The company has also been developing better tools for advertisers. It has begun sharing more audience and performance data with creators and marketers to compete with analytics tools offered on other platforms, like Instagram and YouTube.

The company is expected to rollout a self-serve ad model sometime next year, reports Digiday. The feature, currently in beta testing, will allow businesses to buy ads directly without going through an account manager. 

Ellie Jenkins, Influencer Innovation Manager at the marketing firm Mavrck, is one of the beta users. She told Business Insider that the tool has made it easier to find relevant influencers on TikTok. “They have really helpful audience insights, so we’re able to look at a creator from a pretty granular level,” she said.

“It could disrupt social commerce”

TikTok also has something in the works for publishers reliant on eCommerce revenue. It is allowing selected users to add links to eCommerce sites (or any other destination) to their profile biography, and offering creators the ability to easily send their viewers to shopping websites, according to TechCrunch.

TechCrunch reporter Manish Singh writes, if TikTok “retains these features, it could disrupt what many industry figures call “social commerce.” Social media companies and messaging apps in recent years have lured customers through their core services and introduced shopping features.”

In many markets, such as China, Southeast Asia and India, which happens to be one of TikTok’s biggest markets, social commerce is increasingly becoming popular and beginning to pose a challenge to “traditional” e-commerce players such as Amazon.  

Manish Singh, Reporter, TechCrunch

In an interview with the FT, TikTok’s VP of Global Business Solutions, Blake Chandlee indicated willingness to introduce a shopping tool that allows users to buy directly from the app, just like Instagram. “If we found that our consumers are engaging with content and they want to buy products within that content, we will enable that as quickly as possible. We will do a single-click through [for purchases],” he said.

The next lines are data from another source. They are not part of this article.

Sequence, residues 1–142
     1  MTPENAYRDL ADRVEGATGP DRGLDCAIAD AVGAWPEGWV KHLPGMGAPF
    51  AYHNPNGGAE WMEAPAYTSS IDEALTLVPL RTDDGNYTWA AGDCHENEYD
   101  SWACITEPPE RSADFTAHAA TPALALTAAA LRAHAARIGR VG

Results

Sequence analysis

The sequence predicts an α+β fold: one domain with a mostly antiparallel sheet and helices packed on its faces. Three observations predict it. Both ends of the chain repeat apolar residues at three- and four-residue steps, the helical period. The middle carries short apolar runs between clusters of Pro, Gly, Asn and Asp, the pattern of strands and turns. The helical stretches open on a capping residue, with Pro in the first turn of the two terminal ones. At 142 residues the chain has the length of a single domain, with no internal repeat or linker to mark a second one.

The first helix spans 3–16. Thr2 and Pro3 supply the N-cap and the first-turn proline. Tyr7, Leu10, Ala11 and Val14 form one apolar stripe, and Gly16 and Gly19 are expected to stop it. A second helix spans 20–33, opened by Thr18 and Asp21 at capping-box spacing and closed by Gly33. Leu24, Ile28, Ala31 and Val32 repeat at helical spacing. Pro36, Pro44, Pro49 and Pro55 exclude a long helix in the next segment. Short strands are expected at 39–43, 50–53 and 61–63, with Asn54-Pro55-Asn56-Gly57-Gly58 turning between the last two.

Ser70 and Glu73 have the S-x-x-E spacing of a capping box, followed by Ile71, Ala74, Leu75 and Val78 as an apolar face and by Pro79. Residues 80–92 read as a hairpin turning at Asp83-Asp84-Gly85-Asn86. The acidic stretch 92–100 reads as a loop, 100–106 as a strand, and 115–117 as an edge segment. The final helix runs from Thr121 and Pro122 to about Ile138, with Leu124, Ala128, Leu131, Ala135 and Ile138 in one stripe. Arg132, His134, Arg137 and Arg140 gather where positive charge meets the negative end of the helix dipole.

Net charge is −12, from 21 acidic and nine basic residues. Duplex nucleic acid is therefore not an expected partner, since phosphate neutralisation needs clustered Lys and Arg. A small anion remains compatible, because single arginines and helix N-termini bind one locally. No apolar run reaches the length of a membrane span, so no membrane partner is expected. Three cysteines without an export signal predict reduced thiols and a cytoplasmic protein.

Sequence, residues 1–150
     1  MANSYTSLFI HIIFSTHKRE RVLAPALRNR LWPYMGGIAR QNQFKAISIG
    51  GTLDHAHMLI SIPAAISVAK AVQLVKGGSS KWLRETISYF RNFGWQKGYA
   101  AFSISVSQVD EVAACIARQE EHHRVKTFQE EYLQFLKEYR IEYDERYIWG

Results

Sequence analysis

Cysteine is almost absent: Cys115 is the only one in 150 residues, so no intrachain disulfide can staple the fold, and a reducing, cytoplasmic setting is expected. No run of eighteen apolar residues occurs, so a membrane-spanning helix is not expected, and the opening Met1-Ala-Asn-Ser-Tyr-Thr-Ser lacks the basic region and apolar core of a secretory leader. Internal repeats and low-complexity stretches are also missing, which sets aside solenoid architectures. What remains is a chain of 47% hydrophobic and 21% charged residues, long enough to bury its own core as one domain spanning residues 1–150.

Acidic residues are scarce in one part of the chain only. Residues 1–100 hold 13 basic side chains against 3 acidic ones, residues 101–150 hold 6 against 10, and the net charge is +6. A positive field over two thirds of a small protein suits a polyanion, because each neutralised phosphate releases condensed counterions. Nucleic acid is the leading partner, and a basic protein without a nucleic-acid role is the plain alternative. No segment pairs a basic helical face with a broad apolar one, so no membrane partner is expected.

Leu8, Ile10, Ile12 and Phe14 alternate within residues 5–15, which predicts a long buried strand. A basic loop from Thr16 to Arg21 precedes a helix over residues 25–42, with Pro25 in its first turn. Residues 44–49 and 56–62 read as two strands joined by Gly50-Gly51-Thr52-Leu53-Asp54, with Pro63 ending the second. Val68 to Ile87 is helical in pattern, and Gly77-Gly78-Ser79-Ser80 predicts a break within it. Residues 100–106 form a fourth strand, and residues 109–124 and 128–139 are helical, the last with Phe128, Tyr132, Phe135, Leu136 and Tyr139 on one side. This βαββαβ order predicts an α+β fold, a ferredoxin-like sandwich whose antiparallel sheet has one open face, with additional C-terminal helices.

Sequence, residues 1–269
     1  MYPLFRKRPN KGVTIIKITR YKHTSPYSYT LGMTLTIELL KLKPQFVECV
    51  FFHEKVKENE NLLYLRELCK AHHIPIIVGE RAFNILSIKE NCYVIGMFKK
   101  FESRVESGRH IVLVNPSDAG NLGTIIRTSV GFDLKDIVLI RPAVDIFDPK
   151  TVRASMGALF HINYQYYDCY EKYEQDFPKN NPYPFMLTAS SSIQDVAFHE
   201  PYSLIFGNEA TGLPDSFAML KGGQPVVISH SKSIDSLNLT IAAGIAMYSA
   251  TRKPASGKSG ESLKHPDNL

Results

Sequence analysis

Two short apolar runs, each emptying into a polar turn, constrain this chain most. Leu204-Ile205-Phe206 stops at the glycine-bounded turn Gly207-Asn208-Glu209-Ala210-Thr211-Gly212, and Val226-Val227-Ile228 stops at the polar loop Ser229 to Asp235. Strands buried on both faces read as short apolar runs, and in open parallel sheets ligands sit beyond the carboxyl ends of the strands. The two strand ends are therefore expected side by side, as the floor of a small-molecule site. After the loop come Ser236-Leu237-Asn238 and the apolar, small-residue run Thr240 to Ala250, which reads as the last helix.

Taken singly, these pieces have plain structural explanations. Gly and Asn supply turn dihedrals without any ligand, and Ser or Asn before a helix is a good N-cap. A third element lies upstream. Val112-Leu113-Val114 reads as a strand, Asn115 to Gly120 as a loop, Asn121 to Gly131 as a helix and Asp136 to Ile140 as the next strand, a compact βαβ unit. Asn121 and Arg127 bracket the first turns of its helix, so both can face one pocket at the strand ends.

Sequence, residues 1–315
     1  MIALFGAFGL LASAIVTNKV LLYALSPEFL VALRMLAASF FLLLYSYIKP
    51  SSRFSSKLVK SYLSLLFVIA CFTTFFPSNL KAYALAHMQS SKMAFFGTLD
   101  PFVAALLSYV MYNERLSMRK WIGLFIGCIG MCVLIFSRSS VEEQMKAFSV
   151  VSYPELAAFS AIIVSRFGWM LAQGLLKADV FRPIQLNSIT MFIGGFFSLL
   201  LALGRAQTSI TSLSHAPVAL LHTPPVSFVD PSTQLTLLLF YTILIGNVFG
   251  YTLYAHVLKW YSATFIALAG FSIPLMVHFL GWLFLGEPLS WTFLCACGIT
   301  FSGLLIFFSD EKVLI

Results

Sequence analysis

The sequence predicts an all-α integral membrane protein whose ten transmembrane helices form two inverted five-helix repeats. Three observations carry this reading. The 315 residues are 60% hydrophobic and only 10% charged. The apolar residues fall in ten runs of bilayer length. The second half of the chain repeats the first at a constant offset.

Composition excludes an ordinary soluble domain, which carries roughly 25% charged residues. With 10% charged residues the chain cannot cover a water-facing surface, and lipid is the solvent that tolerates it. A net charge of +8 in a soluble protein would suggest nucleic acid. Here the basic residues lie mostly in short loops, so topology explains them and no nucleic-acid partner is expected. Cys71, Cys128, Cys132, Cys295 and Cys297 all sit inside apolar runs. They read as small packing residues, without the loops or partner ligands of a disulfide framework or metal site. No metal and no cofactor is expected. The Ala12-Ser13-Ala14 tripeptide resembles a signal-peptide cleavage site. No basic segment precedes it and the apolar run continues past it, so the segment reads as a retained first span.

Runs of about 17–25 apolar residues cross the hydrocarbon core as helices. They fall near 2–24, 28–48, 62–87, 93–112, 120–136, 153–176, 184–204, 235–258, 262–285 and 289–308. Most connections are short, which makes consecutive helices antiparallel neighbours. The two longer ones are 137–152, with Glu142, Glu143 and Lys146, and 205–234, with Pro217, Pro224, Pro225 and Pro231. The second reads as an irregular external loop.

“Key winners of this new social media phenomenon”

Further, in India, the company is also making forays into e-learning. It is working with a number of content creators and firms to populate the platform with educational videos under its Edutok program.

“These bite-sized clips cover a range of topics, from school-level science and math concepts to learning new languages. The social app is also featuring videos that offer tips on health and mental awareness, and motivational talks,” reports Singh. 

Speaking to Singh in October last year, Sachin Sharma, Director of Sales and Partnerships at TikTok said that more than 10M educational videos had been created and shared on TikTok in recent months. And that they had amassed over 48B views. 

Timothy Armoo, Co-founder and CEO of influencer marketing agency Fanbytes says, “It’s increasingly obvious that they’re (TikTok) going to be a major player to look out for in the market. Brands who are able to effectively tap into the magic of TikTok now will emerge as the key winners of this new social media phenomenon.” 

TikTok is a platform based on the idea that with a bit of creativity and ideation you could end up soaring up the follower charts and that is a very appealing thing to anyone who may not see themselves as an uber celebrity.

Timothy Armoo, Co-founder and CEO of Fanbytes

He suggests, “As a brand, therefore, one of the most important things you can do on TikTok is to develop content that gives people the chance to show off – as more people join the platform, this “show off” style content is going to be hugely important as a way to differentiate users.

“The brands who provide opportunities for people to do that are those who are going to win on TikTok in 2020.”